Some days I read furiously, as much as possible, as though digging tunnels to make an escape. Others, I delicately sift and brush single sentences at a time, taking care not to lose hints of meaning, content to stay where I am.
Either way, I find that I’m longing for solitude and quiet arts, thus the knitting and memoir writing as well. One book I just re-read was Circe, a superb re-imagining of a nymph out of Greek mythology, recast as a witch drawn to humans, banished to an island as punishment. She finds banishment suits her far more than acceptance in the palaces ever could.
I guess I keep bringing this up, but the more I write about ‘my life’, the more simultaneously confusing and beautiful it seems. The consistent practice of questioning assumptions about the way things are, can make everything I write seem like a lie, every story I pin down, some genre of fiction–which is frightening, quaking, exposing of groundlessness indicative of reality. I’m not uncomfortable in this ghostiness, except when I feel trapped outside looking in.
“Don’t worry, there is nothing real about your confusion.” -Lojong
“You take nothing for granted.” – Something I once heard in meditation
Negative capability is a phrase first used by Romantic poet John Keats in 1817 to explain the capacity of the greatest writers to pursue a vision of artistic beauty even when it leads them into intellectual confusion and uncertainty, as opposed to a preference for philosophical certainty over artistic beauty. The term has been used by poets and philosophers to describe the ability to perceive and recognize truths beyond the reach of consecutive reasoning. [Wikipedia] (came across as a note-to-self recently)
[[I haven’t picked up the book for a few days, but continue musing on the feeling and notion of the the book itself, even closed(!), as a practice. Why, oh why, is the way I work with things so odd, when compared against what others describe!]]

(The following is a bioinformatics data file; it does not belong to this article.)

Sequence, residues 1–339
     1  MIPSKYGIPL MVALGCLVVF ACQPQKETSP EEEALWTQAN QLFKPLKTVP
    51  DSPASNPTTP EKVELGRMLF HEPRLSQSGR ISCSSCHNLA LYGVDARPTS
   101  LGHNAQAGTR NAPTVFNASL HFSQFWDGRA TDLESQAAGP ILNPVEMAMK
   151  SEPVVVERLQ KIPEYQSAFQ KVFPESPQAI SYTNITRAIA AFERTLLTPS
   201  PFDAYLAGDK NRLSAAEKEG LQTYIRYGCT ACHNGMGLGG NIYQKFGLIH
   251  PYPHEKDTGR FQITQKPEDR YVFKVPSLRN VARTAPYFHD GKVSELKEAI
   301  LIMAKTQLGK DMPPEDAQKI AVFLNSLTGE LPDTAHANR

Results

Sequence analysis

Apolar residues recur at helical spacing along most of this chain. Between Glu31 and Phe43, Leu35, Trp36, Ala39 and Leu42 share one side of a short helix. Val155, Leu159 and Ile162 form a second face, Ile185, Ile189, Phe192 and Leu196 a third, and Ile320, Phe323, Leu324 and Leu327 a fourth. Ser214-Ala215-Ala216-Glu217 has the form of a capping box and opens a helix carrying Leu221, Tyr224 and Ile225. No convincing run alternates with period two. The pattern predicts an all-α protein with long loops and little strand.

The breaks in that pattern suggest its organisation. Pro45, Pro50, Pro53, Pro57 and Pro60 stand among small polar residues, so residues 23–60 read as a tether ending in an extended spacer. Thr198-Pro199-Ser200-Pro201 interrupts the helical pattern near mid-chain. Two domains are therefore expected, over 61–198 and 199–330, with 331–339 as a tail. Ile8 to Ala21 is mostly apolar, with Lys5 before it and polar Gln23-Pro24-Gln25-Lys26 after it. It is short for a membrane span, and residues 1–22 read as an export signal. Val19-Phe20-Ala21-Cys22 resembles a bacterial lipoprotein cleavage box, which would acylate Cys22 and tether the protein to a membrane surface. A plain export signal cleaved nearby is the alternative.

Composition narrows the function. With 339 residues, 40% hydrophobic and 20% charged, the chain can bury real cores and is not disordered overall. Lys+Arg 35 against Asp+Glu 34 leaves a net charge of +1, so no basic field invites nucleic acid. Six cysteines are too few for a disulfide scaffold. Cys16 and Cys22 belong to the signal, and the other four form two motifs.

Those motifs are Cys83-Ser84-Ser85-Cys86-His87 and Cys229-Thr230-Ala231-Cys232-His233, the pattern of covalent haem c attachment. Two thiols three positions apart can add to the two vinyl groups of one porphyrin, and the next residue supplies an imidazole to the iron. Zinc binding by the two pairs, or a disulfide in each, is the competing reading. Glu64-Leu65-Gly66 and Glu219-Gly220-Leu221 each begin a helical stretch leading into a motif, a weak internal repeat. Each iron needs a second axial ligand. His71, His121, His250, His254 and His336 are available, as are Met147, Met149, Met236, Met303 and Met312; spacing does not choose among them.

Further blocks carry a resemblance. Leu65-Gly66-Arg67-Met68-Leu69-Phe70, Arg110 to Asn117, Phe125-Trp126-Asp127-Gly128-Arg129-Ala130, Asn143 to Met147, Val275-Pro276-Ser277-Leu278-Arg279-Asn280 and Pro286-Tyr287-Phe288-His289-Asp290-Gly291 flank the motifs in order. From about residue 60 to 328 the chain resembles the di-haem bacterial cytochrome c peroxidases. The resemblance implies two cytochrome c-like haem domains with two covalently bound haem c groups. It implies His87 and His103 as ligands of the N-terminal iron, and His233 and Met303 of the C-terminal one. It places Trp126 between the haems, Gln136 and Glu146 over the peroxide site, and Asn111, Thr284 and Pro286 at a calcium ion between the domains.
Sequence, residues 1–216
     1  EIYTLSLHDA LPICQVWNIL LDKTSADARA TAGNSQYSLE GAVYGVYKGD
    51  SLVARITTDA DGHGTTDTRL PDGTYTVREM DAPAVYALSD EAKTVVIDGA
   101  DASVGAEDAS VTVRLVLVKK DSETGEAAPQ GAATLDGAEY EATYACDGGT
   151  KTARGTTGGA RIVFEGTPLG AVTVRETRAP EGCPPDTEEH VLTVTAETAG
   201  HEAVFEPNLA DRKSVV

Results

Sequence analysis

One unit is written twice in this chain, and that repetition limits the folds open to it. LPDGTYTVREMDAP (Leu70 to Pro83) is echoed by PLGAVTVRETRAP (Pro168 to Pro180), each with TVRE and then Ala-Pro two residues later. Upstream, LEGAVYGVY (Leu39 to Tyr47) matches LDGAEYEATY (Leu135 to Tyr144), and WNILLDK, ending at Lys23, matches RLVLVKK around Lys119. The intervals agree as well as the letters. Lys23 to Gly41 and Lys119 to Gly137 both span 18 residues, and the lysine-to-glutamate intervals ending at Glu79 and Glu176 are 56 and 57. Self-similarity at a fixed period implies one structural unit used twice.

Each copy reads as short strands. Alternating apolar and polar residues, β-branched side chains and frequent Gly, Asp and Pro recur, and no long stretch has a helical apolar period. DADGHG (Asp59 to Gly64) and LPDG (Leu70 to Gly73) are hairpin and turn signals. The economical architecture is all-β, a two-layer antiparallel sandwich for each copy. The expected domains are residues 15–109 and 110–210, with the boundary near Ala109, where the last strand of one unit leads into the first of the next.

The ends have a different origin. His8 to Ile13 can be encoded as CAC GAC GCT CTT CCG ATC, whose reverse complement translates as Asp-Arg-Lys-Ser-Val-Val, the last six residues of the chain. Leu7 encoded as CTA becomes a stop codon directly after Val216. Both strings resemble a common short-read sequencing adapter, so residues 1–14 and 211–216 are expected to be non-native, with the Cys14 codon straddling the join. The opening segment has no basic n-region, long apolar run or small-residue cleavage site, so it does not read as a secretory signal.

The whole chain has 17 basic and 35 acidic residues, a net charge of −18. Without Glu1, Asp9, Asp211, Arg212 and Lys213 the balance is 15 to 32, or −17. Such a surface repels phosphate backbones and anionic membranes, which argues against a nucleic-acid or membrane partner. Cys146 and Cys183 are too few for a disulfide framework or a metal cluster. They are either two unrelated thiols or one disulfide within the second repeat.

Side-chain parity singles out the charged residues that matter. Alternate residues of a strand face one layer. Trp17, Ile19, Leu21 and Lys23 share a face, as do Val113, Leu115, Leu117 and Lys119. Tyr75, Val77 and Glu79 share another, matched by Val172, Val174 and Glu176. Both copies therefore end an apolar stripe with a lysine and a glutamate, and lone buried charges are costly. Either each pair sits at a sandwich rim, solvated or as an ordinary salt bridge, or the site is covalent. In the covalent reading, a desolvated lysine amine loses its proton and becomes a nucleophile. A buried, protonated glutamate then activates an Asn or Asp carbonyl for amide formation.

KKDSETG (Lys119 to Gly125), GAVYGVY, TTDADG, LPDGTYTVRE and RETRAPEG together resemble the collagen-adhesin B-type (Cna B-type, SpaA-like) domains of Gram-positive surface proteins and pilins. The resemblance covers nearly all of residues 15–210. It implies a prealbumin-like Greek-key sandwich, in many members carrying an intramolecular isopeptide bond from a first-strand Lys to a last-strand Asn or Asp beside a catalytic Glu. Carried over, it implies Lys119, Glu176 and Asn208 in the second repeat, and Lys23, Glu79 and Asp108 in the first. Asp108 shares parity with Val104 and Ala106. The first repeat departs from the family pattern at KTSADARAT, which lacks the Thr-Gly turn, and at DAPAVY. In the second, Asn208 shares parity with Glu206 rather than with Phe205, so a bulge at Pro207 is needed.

One of the few notes I have from childhood is from an elementary school teacher at the Playhouse and Biltmore School, who asks my mother to please stop putting barrettes in my hair, because instead of napping I take them out and play with them, distracting the other children.
“Stephanie is disruptive.”
And I’ll admit, there is something disruptive about me, something mischievous I’m always trying to pin down and trim away at to be able to settle down and fit in. Sometimes at work, I call it “puppy dog energy”, hoping others will see me in a playful rather than nervous way when I can’t help myself and say something I absolutely know better than to throw into the mix during simple small talk or break room conversation. Why do I do this?
“Stephanie is disruptive.”
I remember the relief I felt when a friend introduced me to Padmasambhava, suggesting I pick up the book Crazy Wisdom. I wasn’t privy then, to all the stories and controversies surrounding Chogyam Trungpa Rinpoche, so when the text hit me like a lightning bolt, I had no hesitation letting go into the experience of getting to know the aspects of mind and expression he channels so potently. I read the book quickly, unpacked it longer (and still). To describe that feeling in the context of this post, it was “Ah, there is a teacher who, instead of feeling Stephanie is disruptive for playing with the barrettes in her hair and wanting the attention of other children, would be delighted by these qualities and tendencies!”